“Hence we now have a much larger number of academic misconduct issues, supplementary assessments and outright failures than we have previously experienced in the units in which this cohort has enrolled”…

Fellow lecturer and academic misconduct investigator, Dr Duncan Farrow, reported similar problems with Indian students failing en mass:

“Perhaps the most telling statistic of them all: 48 of the 80 students admitted to the MIT in semester one this year had at least one academic misconduct finding against them,” he wrote.

“Not only was there a huge increase in numbers of misconduct cases but additionally the investigations were more difficult due to the poor language capabilities of many of the students involved.

“I have just reviewed the results for students from the Punjab region in BSC100 Building Blocks for Science Students and it is depressing. Of the 52 students in this category, 12 have passed the unit outright — a pass rate of less than 25 per cent.

Problems have also been identified by Immigration New Zealand, which recently reported a sharp jump in the number of high-risk student visa applications from India:

The majority of offshore student visa applications received by Immigration NZ since November last year have been high risk. Since November 2018, only 16 percent of the 3800 visa offshore student applications were deemed to be low risk…

Immigration New Zealand specifically singled out the northern states of India as being a high-risk market…

Of the applications being processed by the Mumbai office on April 3, 76 percent were deemed high risk (a total of 2773) and 22 percent medium risk.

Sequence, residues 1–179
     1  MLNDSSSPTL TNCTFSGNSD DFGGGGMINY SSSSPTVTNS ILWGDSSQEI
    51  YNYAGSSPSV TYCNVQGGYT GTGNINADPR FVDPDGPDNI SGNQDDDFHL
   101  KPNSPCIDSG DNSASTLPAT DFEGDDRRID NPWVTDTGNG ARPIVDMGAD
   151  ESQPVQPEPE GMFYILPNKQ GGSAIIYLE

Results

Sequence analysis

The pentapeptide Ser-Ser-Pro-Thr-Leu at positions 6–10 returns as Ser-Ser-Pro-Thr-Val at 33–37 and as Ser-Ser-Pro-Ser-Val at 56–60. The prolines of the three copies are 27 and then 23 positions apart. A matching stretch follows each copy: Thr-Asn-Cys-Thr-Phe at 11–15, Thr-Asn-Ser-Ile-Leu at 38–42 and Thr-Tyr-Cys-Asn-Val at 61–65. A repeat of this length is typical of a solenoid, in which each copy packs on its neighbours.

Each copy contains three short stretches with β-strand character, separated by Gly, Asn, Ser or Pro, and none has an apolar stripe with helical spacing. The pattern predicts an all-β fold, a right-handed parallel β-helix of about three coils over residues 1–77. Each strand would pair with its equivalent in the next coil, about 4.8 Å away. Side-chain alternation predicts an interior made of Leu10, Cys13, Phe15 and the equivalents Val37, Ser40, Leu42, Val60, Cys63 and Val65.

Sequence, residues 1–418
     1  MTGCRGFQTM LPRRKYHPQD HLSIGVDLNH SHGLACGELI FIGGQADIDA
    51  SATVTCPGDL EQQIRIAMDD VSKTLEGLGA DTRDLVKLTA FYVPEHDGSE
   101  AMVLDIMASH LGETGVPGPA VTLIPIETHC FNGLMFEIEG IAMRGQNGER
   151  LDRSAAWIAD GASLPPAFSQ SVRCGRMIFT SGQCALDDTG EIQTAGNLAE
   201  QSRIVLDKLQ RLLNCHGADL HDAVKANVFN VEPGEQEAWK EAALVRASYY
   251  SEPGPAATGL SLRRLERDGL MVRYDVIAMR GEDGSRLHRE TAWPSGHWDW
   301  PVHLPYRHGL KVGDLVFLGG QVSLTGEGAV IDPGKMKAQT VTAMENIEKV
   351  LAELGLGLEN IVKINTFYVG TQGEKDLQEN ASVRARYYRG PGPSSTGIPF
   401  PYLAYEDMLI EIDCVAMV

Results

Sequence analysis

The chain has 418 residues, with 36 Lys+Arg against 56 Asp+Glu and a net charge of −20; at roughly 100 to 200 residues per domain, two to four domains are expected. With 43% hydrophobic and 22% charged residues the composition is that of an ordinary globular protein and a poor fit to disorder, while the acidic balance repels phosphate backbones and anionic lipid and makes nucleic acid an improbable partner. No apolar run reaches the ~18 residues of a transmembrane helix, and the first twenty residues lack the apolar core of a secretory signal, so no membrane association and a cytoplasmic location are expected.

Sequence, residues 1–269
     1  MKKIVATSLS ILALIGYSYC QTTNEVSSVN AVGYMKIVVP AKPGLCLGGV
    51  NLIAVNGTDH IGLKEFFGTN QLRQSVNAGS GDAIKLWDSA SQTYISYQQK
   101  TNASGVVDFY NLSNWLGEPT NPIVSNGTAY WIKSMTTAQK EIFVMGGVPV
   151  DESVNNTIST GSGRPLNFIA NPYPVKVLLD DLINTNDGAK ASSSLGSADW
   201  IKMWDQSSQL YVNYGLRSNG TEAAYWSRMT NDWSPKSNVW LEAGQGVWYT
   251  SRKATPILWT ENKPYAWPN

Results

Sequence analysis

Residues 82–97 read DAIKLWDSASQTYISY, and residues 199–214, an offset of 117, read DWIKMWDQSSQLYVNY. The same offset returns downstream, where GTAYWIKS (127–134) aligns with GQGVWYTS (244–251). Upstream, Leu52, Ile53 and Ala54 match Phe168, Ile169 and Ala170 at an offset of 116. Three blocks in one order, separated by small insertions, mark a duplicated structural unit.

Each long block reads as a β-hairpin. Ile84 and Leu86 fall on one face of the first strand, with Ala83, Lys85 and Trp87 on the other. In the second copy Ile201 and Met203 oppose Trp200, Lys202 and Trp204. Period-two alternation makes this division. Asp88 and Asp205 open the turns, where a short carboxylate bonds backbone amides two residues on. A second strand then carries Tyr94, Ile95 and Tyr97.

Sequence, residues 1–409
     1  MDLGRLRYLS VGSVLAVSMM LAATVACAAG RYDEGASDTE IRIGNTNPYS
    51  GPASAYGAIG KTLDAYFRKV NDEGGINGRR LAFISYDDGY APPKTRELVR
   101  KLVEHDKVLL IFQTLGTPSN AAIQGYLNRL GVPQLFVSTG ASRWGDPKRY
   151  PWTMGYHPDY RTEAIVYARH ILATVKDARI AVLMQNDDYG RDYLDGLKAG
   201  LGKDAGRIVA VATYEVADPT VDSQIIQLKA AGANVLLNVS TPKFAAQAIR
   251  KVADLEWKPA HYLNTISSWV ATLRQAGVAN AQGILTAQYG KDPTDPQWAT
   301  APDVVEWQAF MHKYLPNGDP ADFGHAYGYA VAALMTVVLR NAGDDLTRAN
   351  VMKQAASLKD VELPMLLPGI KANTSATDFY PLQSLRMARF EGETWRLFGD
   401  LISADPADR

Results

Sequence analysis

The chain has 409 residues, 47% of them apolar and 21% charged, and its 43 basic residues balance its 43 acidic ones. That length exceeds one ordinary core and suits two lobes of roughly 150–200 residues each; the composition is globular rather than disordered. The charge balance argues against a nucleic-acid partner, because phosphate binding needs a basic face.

The strong growth in international student enrolments has already badly eroded entry and teaching standards across Australia’s educational institutions.

There is the clear and present danger that pedagogical standards will be eroded even further as Australia continues to grow the number of lower-quality students from the Indian sub-continent in a bid to generate more fee revenue.

Unconventional Economist
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    • I wonder if he has a daughter. If so, does he want 10 males students per female in “uni”?

      How about requiring 51% of all foreign students from all nations to be female.

      • Yep, I’m surprised as the eilites daughters go to uni. Maybe they go to a better uni.

        My wife was constantly harassed by Indian/ pakistan males at tafe with her wedding ring on. My wife was a model at the time but that does not mean she should be looked at with rape eyes and she just told me then she did not feel safe at the time.

          • Hey don’t get me wrong my targeting of the two races is because the male female balance is out and also it is one example of how cultures mixing on mass through thousands of years of humans has not made the people more happy but less happy. My wife is asian also. A trickle of of foreigners doesn’t hurt but a flood is a flood.